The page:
David had complete trust in his God and said to the men who were standing by him, "What will be done for the man who kills this Philistine and takes away the reproach from Israel? For who is this uncircumcised Philistine, that he should taunt the armies of the living God?" David here displays a great boldness that is rooted in his faith that God will fight for Israel. But he also asks what reward he can expect for volunteering to be the champion.

The people answered him in accord with this word, saying,

"Thus it will be done for the man who kills him."

The people answer and recite all the rewards Saul has offered to the man who slays Goliath. David has total confidence in God. But he is also interested in the reward. And he likely has already seen an opening to confront Goliath on his own terms, where the advantage flips to him.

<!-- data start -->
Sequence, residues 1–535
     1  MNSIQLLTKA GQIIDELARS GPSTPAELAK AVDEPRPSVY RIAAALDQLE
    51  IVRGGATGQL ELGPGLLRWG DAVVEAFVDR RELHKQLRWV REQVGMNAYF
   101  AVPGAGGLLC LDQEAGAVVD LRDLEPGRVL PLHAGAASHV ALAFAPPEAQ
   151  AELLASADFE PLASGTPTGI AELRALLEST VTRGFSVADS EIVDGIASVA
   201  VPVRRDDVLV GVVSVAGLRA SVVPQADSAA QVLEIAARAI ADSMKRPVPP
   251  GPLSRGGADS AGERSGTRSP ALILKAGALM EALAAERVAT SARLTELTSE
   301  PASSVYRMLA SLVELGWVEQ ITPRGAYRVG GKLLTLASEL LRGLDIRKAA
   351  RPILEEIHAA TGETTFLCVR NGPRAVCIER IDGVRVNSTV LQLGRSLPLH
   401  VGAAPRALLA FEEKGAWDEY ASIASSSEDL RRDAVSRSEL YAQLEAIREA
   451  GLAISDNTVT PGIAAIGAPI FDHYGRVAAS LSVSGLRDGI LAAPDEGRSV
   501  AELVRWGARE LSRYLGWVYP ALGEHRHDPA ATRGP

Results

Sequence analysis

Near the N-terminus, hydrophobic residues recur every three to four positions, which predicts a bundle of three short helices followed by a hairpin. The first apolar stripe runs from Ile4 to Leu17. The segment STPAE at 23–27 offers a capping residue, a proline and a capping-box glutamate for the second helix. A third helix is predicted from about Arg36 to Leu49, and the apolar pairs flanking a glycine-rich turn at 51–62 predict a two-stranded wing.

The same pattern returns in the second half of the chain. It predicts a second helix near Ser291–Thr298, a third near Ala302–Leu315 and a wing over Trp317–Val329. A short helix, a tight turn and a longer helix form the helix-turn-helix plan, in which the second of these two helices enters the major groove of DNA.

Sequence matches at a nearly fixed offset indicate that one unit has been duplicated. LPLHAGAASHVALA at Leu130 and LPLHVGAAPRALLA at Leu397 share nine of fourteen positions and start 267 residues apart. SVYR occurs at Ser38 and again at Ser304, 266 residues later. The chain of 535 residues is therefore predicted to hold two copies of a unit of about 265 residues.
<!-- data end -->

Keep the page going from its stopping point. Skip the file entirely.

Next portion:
Perhaps David's strong faith and courage is why the prophet Samuel said,

"The LORD has sought out for Himself a man after His own heart, and the
LORD has appointed him (David) as ruler over His people."
(1 Samuel 13:14)

Eliab the oldest brother was offended by David's attitude of faith and courage, seeing that he and the rest of the men of Israel had an attitude of fear and cowardice. Verse 28 says that Eliab's anger burned against David and he said, "Why have you come down? And with whom have you left those few sheep in the wilderness?" Eliab is inferring that David is irresponsible to have left his duty at home, tending his sheep. He is clearly attempting to put David in his place (from his perspective).